Regan Dixon wrote:I'm fine to shower without soap unless I've been manhandling the bucks, for example, but am I the only person who would leave greasy, grimy fingerprints all over everything if I didn't use soap?
raven ranson wrote:I’m nearly no-poo (except when the chickens exercise their own idea of what that means). It wasn’t intentional, it just sort of happened.
I have ridiculously long hair and far too much of it. When I lived in town, I was washing my hair with shampoo and conditioner at least once every 48 hours, usually two or three times in two days. I wash my hair whenever it felt greasy or started to look really icky. Which was pretty much a few hours after it dried. I don’t need perfect looking hair, I just want hair that doesn’t look like I slept in a bath of oil.
Then I started getting a very itchy, dry rash on my head. This was pretty nasty so I turned to the internet to learn how to make it better. There was this treatment where you massage sesame oil into the scalp an hour before washing it. I tried that and it felt so much better. Very soon, I didn’t need conditioner. And after a couple of months, I noticed that I wasn’t washing my hair everyday. I was only washing it every 4th day. This was a huge difference and cut my shampoo cost by three-quarters.
What the oil does, is a bit like drinking vinegar when you have heartburn. Antacids tell your stomach to make more acid which gives you more heartburn. Drinking vinegar tells your stomach that it’s got enough acid, we can stop making so much now. Same with massaging oil into the scalp. Shampoo strips the oils away from the skin and the skin thinks it has to make more to make up the difference. This is very popular, I’m told, in traditional India. They have beautiful hair in India, so it’s worth a try.
After about 6 months, I was just too lazy to massage my scalp each time I wanted to wash my hair. I was down to about once every 10 days. Then I saw a documentary which mentioned how people used to care for their hair in Medieval England. They didn’t use soap on their hair, and very seldom rinsed it with water. What they did do was to comb it very well with a very fine, wooden, comb and then an even finer tooth wooden comb. This got the tangles out and the finer comb helped to spread the oils evenly throughout the hair and remove any dust particles. This works really, really well, especially for long hair.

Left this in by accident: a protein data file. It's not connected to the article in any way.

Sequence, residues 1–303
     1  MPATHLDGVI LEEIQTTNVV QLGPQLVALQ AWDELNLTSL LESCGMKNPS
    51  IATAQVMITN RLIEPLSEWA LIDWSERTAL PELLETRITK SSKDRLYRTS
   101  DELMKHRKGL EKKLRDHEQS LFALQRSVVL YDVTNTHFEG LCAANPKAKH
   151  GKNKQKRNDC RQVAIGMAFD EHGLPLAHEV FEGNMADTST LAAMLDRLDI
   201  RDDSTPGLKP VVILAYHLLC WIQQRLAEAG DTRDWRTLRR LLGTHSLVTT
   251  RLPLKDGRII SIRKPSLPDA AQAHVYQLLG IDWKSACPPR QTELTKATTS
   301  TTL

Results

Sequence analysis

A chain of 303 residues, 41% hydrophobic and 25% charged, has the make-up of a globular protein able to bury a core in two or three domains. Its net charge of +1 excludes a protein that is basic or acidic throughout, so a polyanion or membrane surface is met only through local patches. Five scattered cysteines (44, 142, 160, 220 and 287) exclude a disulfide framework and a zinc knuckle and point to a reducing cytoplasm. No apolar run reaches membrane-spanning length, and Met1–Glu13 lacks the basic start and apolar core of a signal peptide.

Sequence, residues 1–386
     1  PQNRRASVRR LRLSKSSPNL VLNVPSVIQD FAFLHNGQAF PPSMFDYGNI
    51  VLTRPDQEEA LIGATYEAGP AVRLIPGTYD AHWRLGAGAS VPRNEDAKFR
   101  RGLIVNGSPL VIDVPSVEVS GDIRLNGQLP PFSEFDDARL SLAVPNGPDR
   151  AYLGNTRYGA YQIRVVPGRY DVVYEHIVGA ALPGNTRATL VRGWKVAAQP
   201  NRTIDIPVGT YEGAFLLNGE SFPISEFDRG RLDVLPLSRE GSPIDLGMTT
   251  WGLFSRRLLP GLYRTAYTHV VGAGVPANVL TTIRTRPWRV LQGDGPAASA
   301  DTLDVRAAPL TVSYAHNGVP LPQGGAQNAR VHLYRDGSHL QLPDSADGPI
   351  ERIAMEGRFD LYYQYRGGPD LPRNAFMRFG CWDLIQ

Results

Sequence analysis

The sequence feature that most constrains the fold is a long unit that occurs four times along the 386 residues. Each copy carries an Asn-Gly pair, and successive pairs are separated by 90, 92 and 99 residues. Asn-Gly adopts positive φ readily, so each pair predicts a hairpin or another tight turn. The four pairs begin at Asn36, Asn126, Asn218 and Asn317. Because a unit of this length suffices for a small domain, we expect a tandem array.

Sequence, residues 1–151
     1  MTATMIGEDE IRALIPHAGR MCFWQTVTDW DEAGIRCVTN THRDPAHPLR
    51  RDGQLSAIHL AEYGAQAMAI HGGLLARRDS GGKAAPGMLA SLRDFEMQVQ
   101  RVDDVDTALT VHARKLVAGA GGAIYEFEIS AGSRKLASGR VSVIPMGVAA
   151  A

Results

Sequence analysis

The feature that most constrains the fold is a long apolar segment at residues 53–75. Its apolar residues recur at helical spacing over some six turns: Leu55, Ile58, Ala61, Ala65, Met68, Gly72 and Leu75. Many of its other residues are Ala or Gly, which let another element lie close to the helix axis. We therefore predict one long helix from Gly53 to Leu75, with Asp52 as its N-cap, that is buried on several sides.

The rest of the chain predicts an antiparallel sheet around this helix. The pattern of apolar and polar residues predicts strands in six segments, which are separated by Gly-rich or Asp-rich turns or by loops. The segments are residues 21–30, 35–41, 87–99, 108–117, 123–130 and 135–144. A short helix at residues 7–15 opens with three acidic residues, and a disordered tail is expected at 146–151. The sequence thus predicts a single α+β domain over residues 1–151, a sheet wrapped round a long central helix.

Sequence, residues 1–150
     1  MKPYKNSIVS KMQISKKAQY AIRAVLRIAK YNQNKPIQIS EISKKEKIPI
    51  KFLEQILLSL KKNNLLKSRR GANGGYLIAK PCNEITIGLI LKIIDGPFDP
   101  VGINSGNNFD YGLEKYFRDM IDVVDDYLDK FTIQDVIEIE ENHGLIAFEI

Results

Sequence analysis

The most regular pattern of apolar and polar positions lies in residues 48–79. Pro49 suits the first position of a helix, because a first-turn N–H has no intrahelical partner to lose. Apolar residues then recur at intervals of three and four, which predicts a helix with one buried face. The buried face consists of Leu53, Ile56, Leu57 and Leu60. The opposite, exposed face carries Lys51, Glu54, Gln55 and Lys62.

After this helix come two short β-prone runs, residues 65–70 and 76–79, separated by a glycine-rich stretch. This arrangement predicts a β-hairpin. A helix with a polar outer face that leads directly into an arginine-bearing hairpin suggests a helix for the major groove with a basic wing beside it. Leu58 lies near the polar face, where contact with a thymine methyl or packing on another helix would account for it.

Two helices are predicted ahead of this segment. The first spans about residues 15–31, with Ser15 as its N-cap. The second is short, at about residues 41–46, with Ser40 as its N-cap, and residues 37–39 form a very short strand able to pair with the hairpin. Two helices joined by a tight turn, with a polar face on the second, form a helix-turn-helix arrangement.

I still use shampoo from time to time for getting smells (like when I’ve been smoking bacon) and chicken muck out of it, but most of the time the fine wooden comb and water are enough to keep my hair looking and feeling clean
Norma Guy wrote:I tried, and failed, to go no-poo, my hair was a slick, gross mess. I have thin, flat hair so oil is very noticeable. Sometimes I can get away with dusting a bit of corn starch on the front bits to get me through to the next washing so I don't look gross.
Amanda Launchbury-Rainey wrote:
raven ranson wrote:
There are several British series about life in medieval/tudor times that are rwally woryh watchjng. Two in particular are so interesting as they follow a team of historians/archaeologists living the life for a year. In relation to this thread, Ruth Goodman, who specialises in domestic history, talks through life without chemical cleaners. Tales From ghe Green Valley, and Tudor Monastery Farm are particulary good. This team went on to do a year in each of the following eras helped by experts in customs, food, book making, etc etc. They are so educational as well as very comforting to watch with.... a cup of tea, of course!
im gonna watch these
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